CALGARY -- Premier Jason Kenney and eight of his cabinet members are in Ottawa this week in an effort to fight for what Kenney calls a "fair deal" for all Albertans. 

Kenney is expected to discuss everything from pipelines to equalization when he speaks at the Canadian Club of Ottawa on Monday. Alberta's premier will then have a face-to-face meeting with Prime Minister Justin Trudeau on Tuesday, their first meeting since the 2019 federal election. 

"Alberta has been a massive contributor to Canadian jobs and prosperity, to social programs and social progress and yet we’re not getting a deal with a lack of market access and the blockage of pipelines," said Kenney. "We need to see action and we are not seeking a special deal — we’re seeking a fair deal."

Kenney will focus on Bills C-69 and Bills C-48, which he defines as "no pipelines" legislation, and he will ask the prime minister for a fixed completion date of the Trans Mountain pipeline expansion from Edmonton to Burnaby, B.C.

The premier is also expected to push for changes to the fiscal stabilization fund as a follow to the resolution passed unanimously at last week’s provincial leaders meeting in Toronto.

This fund helps provinces facing year-over-year declines in non-resource revenues, but Kenney says Alberta is being short-changed due to caps tied to the size of its population. He's demanding Alberta receive $2.4 billion in fiscal stabilization going back to the start of the oil collapse in 2014. 

"We (Alberta) have contributed $600 billion net to the rest of the country over the past decade and we contributed around $20 billion a year more to Ottawa than Albertans receive back in benefits of services," said Kenney.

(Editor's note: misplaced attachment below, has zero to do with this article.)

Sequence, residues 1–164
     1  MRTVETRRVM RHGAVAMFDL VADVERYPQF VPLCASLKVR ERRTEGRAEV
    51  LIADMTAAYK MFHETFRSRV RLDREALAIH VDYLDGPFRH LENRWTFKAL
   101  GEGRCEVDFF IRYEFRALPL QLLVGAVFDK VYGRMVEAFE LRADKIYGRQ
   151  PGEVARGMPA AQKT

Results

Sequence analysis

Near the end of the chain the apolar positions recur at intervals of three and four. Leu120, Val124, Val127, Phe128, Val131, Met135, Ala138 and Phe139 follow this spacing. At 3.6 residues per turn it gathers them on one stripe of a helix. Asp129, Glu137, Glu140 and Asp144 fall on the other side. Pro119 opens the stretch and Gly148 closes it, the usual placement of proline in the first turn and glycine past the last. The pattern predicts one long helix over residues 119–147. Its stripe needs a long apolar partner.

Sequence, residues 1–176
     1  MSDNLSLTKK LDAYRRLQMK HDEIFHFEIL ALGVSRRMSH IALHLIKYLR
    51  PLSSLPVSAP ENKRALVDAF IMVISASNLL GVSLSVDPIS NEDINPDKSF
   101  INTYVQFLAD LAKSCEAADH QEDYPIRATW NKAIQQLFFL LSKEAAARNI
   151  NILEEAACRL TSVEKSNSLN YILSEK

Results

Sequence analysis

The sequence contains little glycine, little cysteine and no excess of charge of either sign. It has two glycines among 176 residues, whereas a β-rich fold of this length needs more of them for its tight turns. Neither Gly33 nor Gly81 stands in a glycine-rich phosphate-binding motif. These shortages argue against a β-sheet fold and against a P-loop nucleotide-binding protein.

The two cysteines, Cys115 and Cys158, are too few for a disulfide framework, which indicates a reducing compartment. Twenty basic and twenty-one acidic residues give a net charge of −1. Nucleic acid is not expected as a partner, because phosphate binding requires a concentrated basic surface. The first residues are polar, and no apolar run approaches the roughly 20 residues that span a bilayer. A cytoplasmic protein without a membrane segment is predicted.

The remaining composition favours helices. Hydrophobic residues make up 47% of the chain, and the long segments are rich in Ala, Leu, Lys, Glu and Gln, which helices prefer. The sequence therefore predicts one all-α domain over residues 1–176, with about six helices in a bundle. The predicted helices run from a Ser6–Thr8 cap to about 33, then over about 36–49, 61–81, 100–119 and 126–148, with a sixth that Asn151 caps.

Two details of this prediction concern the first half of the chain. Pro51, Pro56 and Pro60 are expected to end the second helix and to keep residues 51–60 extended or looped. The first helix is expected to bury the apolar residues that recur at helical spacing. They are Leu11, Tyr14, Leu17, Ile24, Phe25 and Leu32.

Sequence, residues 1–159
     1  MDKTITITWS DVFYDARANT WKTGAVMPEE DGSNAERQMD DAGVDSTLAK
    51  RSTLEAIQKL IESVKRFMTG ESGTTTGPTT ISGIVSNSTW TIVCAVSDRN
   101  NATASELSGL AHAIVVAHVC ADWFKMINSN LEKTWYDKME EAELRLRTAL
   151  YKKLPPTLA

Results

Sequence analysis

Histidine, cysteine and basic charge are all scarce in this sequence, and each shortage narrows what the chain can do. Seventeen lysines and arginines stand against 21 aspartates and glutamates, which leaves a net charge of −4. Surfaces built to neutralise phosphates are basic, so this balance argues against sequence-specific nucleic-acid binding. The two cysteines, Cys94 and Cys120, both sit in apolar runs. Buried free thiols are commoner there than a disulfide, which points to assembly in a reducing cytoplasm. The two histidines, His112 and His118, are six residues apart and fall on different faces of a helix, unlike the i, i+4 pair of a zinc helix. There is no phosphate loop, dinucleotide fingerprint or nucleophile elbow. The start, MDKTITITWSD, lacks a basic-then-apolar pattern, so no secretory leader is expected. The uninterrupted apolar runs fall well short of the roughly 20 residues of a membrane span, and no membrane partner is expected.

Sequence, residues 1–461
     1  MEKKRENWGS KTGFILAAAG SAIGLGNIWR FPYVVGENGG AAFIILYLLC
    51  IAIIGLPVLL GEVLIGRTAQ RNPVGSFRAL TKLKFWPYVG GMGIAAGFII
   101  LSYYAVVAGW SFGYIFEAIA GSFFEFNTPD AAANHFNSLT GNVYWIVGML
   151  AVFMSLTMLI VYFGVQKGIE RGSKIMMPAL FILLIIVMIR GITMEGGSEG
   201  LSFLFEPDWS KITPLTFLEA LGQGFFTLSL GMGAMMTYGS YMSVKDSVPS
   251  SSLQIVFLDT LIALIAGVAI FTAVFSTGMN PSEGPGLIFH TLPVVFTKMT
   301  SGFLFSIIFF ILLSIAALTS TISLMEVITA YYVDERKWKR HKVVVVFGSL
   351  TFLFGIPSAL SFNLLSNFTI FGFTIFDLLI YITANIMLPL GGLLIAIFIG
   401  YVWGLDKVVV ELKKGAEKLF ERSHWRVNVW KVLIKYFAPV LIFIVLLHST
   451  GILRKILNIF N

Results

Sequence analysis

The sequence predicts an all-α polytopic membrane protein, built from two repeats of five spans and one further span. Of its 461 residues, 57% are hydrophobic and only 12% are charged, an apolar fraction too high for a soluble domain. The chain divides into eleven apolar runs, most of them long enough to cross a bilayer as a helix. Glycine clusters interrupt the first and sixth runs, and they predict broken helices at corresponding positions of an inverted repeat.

"If Ottawa and the rest of the country wants to benefit from Alberta as the goose that laid the golden egg in modern Canadian history, then Ottawa needs to unleash us to be able to develop resources and get to global markets."

Political analyst with Mount Royal University, Lori Williams, says Kenney’s meeting with Trudeau will be crucial in developing a strong relationship over the next few years. 

"It’s important for them to speak," said Williams. "That Kenney advocate on behalf of what Alberta needs and that he doesn’t just look to the next election."

"Kenney has to look at partnerships with the federal government and what that will do for Albertans."

Amid growing frustrations, talks of western separation and Wexit rallies continue. 

Kenney still affirms himself as being a Canadian patriot, but he did create the provincial Fair Deal Panel in November and tasked it with creating recommendations for how to advance Alberta’s economic interests within Confederation.  Some of those recommendations include Alberta potentially removing itself from the Canada Pension Plan and creating its own police force.